Mary Oliver’s Wild and Precious Life

“Tell me, what is it you plan to do with your one wild and precious life?” poet Mary Oliver asks in the poem A Summers Day. It’s a question I keep returning to as I wander the earth, wondering what it means to be gifted life as a human, a plant, or a bee. I suspect its presence will continue rolling around my being as long as I breathe, touching places in the ways only poetry can.

“Poetry is a life-cherishing force,” writes Oliver in A Poetry Handbook. “For poems are not words, after all, but fires for the cold, ropes let down to the lost, something as necessary as bread in the pockets of the hungry.”

Mary Oliver should know. The 81-year-old is one of America’s most celebrated poets. Over the last 50 years she’s won both the Pulitzer Prize and the National Book Award, and published over 30 books of poetry and three books of prose. She’s been writing poems since she was a young child – wandering through the woods, pen and pencil in hand. Poetry, it seems, saved Oliver.

Growing up in a small town near Cleveland, Ohio, Mary Oliver had an unhappy childhood. During those sad years she discovered the beauty and sanctuary of the natural world – spending much of her time walking through the woods near her home. “It was a very bad childhood for everybody, every member of the household, not just myself I think. And I escaped it, barely. But I got saved by poetry. And I got saved by the beauty of the world,” she tells Krista Tippett of On Being in a rare interview in 2015 (Oliver reckons her poems speak for themselves, so she doesn’t often do interviews).

Oliver would pack her knapsack with a copy of Whitman, pencils and paper and head to the woods, skipping school. ‘I just began with these little notebooks and scribbled things as they came to me. And then worked them into poems later,” she tells Tippett. Oliver reckons her first poems were awful, but she kept at it.

With my pencil I’ve traveled to the moon and back. Probably a few times. I kept at it every day. Finally you learn things.”

Fast forward 70 years and Oliver is still doing the same thing – Walking through the woods in the early morning, pencil and paper in hand, writing poetry or ‘listening to the world,’ as she puts it. It seems her commitment to the craft of poetry has been guided by a simple truth: “This I have always known – that if I did not live my life immersed in the one activity which suits me, and which also, to tell the truth, keeps me utterly happy and intrigued, I would come someday to bitter and mortal regret,” Oliver writes in The Poetry Handbook.

When I see the black cricket in the woodpile, in autumn,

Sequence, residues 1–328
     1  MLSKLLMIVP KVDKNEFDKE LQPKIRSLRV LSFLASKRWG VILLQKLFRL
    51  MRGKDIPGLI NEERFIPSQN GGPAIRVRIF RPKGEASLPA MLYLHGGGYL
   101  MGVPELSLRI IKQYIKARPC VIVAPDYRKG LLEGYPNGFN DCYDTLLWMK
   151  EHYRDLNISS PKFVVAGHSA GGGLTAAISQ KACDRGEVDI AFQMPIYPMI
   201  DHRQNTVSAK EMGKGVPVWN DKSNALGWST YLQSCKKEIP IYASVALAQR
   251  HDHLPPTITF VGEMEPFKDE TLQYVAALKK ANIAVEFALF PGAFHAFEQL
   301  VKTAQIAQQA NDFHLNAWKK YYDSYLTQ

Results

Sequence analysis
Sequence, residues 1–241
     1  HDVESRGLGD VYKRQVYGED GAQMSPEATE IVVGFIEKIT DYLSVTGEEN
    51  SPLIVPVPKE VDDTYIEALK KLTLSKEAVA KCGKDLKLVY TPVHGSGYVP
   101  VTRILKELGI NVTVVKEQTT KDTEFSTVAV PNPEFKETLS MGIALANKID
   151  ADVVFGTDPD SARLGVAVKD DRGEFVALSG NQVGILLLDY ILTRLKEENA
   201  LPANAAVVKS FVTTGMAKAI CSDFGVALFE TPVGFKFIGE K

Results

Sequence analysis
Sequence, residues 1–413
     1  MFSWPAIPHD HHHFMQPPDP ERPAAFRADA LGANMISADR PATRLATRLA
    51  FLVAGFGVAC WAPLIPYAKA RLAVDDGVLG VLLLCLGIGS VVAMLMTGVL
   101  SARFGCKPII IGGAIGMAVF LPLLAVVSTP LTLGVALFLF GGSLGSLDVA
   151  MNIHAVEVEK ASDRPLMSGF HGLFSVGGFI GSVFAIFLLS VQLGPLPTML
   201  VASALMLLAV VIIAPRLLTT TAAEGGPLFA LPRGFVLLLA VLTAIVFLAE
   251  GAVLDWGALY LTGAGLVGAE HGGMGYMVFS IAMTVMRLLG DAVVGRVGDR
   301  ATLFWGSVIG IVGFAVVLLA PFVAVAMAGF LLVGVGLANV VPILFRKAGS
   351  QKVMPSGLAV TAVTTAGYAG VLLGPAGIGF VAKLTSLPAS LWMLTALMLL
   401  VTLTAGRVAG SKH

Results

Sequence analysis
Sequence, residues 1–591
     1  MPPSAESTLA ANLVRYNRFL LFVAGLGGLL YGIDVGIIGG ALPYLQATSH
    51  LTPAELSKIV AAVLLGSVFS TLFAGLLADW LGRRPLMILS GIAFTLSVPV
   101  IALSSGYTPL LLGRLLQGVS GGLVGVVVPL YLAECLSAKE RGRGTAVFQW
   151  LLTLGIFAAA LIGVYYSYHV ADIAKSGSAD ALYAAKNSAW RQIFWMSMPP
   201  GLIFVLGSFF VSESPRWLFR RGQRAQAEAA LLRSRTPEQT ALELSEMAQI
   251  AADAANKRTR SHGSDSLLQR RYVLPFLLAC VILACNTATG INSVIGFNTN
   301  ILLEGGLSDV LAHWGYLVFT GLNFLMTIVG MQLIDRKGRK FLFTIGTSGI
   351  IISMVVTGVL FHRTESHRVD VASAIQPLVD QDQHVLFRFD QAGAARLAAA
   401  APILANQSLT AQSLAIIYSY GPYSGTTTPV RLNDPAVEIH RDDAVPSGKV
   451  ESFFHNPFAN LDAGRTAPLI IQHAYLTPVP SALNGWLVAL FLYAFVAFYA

I don’t frighten her. And when I see the moss grazing
upon the rock, I touch her tenderly,
sweet cousin.

Excerpt from Moss, Winter Hours, 1999

“The swan, for all his pomp, his robes of glass and petals, wants
only to be allowed to live on the nameless pond. The catbrier
is without fault. The water thrushes, down among the sloppy
rocks, are going crazy with happiness. Imagination is better
than a sharp instrument. To pay attention, this is our endless
and proper work.”

Excerpt from Yes! No!, New and Selected Poems Volume 2

Oliver’s reverence for the natural world is obvious. It flows from line upon line of the thousands of poems she’s written. It’s a joyous, rich, and spiritual relationship Oliver has with the world around her – one imbued with a deep sense of wonder, gratitude, and attention. Her poems capture and communicate wisdom found within the smallest details of the trees, the grass, the ocean, the animals. “And speaking of stones, what about / The little ones you can / Hold in your hands, their heartbeats / So secret, so hidden it may take years / Before, finally, you hear them?” she writes in In Your Hands from Swan: Poems and Prose Poems.

But whilst Oliver’s language around nature is often romantic and joyful, there’s also a sense of pragmatism and honesty that underpins her writing.

This is illustrated beautifully in one of my favourite of her poems, How I go to the Woods:  

“Ordinarily, I go to the woods alone, with not a single / friend, for they are all smilers and talkers and therefore / unsuitable,” Oliver writes. She continues, telling us how she doesn’t want to observed as she talks to the birds or hugs the trees, that when she’s alone she can become invisible, and “I can almost hear the unhearable sound of the roses singing.” She finishes as only she could – “If you have ever gone to the woods with me, I must love / you very much.” (Excerpt from How I go to the Woods, from Swan: Poems and Prose Poems)

So now, I’m off. It’s time for my lunchtime stroll amongst the trees. Sometimes I take a pencil and paper but mostly I just take my dog. As the aeroplanes grind through the sky above preparing to land just a few kilometers away, I remind myself to breathe, walk and look. It’s a practice partly inspired by Oliver, a woman unafraid of the wilderness within herself. A woman brave enough to fully investigate, observe and celebrate her one wild and precious life, and the multitudes of lives around her. What a woman.

Read more of Mary Oliver’s poems here.